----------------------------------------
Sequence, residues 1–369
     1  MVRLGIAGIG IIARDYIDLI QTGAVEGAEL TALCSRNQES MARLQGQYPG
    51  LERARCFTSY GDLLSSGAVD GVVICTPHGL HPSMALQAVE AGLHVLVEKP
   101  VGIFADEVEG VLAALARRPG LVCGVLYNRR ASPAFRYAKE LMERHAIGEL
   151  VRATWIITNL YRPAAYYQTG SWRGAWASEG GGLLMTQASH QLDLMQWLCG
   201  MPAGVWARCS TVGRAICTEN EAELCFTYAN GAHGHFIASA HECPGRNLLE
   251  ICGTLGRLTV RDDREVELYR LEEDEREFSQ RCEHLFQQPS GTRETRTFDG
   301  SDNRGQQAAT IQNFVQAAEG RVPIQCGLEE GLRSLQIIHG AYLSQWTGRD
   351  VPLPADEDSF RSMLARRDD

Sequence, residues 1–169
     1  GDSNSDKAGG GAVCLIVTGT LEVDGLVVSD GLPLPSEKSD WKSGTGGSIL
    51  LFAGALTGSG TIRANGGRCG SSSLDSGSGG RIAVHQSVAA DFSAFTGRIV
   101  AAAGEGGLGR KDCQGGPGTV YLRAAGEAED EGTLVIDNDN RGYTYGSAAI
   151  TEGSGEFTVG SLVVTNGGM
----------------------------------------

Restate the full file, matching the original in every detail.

Sequence, residues 1–369
     1  MVRLGIAGIG IIARDYIDLI QTGAVEGAEL TALCSRNQES MARLQGQYPG
    51  LERARCFTSY GDLLSSGAVD GVVICTPHGL HPSMALQAVE AGLHVLVEKP
   101  VGIFADEVEG VLAALARRPG LVCGVLYNRR ASPAFRYAKE LMERHAIGEL
   151  VRATWIITNL YRPAAYYQTG SWRGAWASEG GGLLMTQASH QLDLMQWLCG
   201  MPAGVWARCS TVGRAICTEN EAELCFTYAN GAHGHFIASA HECPGRNLLE
   251  ICGTLGRLTV RDDREVELYR LEEDEREFSQ RCEHLFQQPS GTRETRTFDG
   301  SDNRGQQAAT IQNFVQAAEG RVPIQCGLEE GLRSLQIIHG AYLSQWTGRD
   351  VPLPADEDSF RSMLARRDD

Sequence, residues 1–169
     1  GDSNSDKAGG GAVCLIVTGT LEVDGLVVSD GLPLPSEKSD WKSGTGGSIL
    51  LFAGALTGSG TIRANGGRCG SSSLDSGSGG RIAVHQSVAA DFSAFTGRIV
   101  AAAGEGGLGR KDCQGGPGTV YLRAAGEAED EGTLVIDNDN RGYTYGSAAI
   151  TEGSGEFTVG SLVVTNGGM